Always remember a $300 used no-name “AR” is better than all battletested rifles, no exceptions, all other weapons make you less of a man, except if your a woman then they promote facial and arm hair growth.

      The Russian stuff is unreliable, the Italian ugly, the German and British under engineered.

      All hail Armalite, slayer of demons, lover of Goddess’s, conqueror of…. well that’s not important. Kabosh!

      *For those who didn’t get it and are offended right now. Can I just say from the bottom of my heart, you chose the wrong platform and you should feel bad.

      • The AR system, far from being perfect, is still a pretty good rifle with excellent profile, ergonomics and weight balance. This coming from someone who owns an AKM and M-14 style platform, as well as shot countless other platforms.

  5. 60 years to come up with something better than a FAL and this is the best a modern company like beretta can come up with. Yeah gonna stick with my FAL.

    • I think companies could make something just as good, it’s that the military/political requirements mean you have to use their choice of caliber, it has to be ambidextrous, a 10 year old girl has to be able to fire it all day without a sore shoulder (even though we wouldn’t ever ask one to in the west). It also must have 15 picatinny rails even though we’ll only issue one piece of equipment that only works on the top, can’t be a bullpup because we need to pay for a carbine in 20 years at jacked up prices etc etc etc.

      Accuracy and reliability are optional for initial run (the defense secretary has played COD, just call in an air strike) it can be improved over the 30 years at additional cost if need be.

      Almost like that all results in the b***d child of compromise and corporate welfare rather than the best weapon we can make. Been that way since the 5.56 was standardized.

    • Hey, you’re right; that’s a very apt comparison. “Gourami” even sounds like something the macaronis would nickname the rifle.

  6. Yeah the looks coupled with the fact that it underperforms in accuracy testing compared to most available AR-10 style rifles (not to mention the price tag difference) makes this a no go. Why pay more for an ugly version of an AR-10 with the same or LESS features if you take compatibility into account? At the very least with an AR-10 you get to take advantage of the vast market for AR parts.

    • “Why pay more for an ugly version of an AR-10 with the same or LESS features if you take compatibility into account?”

      Some folks will pay a lot for a nameplate, I suppose. Their money, their choice.

      Me, I went for an M1 Garand in .308 instead. (The safe needed a firearm that actually takes clips…)

      • Very true. I guess I’m coming at this from a “bang for your buck” or pragmatic standpoint. I suppose that Beretta has a group of loyal customers that love the brand. I just don’t see them making a living on that thought. Companies like H&K have some iconic firearms that get a cult following because of their use in special operations groups like the MP-5, PSG-1, USP line and recently the 416 in US special forces. I don’t see you getting a lot more for your money here and there is the problem of support in terms of gear. Proprietary parts are going to be a problem and if only one military in the world adopts it, there is no market incentive to produce innovative upgrades to the platform.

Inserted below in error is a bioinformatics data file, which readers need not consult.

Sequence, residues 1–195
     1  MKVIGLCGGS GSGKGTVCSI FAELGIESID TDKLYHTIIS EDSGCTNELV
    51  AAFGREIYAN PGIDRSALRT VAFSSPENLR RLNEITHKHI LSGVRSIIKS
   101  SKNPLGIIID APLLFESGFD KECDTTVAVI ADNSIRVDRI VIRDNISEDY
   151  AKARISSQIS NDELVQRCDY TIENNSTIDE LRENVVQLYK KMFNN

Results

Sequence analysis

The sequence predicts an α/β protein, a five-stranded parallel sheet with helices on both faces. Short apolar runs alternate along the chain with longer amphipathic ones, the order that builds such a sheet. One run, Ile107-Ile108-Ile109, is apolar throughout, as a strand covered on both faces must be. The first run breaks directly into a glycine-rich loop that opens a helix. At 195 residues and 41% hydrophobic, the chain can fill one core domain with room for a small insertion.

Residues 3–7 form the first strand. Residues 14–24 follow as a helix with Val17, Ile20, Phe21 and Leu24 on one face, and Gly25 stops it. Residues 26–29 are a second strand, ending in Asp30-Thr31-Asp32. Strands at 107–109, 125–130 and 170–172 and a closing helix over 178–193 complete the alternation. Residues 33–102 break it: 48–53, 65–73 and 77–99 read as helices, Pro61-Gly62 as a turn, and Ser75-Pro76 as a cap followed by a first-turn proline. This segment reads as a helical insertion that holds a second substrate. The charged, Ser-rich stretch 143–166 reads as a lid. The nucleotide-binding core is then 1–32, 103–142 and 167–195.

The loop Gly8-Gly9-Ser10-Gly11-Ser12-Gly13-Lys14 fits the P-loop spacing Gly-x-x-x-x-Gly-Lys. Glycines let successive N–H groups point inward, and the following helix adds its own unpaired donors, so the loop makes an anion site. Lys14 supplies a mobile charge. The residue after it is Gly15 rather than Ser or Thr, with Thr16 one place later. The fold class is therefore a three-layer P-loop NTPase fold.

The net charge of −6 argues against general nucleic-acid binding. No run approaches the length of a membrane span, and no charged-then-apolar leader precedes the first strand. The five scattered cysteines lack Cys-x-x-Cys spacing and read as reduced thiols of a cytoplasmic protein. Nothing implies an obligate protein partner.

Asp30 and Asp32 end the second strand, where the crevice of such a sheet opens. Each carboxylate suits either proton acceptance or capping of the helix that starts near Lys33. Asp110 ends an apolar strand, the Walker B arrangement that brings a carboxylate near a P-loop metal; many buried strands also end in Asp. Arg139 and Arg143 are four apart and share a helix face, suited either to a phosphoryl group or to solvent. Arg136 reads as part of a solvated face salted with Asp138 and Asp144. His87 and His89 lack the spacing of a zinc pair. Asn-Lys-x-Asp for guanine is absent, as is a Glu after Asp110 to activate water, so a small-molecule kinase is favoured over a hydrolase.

• I hear you re bang / buck ratios. Some brands can make a living at it, Harley-Davidson being the most obvious one to come to mind.

          However … in order for HD to survive, they did have to improve their quality. All of the old Harley jokes linger (Why do the Harleys park on the dirt? Public service – keeping the dust down.) but they have far better quality than they used to. Basically they’re like modern 1911’s – the engine is an old design, fundamentally, but made with modern manufacturing methods & materials and the other bits (eg electronics) are modern if hidden.

          Beretta might be able to live off the name plate for a while, but it will have to be backed up by solid products. And they have to be attractive enough to, frankly, maintain or expand their customer base as the old customers die or otherwise move out of the market.

          I wish them luck. But I don’t this rifle will do that for them.

      • I have a Beretta-made, CAI-assembled 30-06 Garand (Italian barrel, receiver, gas-system, with USGI trigger-group, bolt/magazine internals & NOS furniture), and it cost roughly half of what a vintage Springfield would’ve set me back for.
        I guess occasionally being a Beretta doesn’t command the premium like these new plastic polished-turds do.

  7. 1.5 MOA doesn’t sound like much but its a huge improvement over the ARX-100 which in beretta’s own words is designed for 3-5 MOA.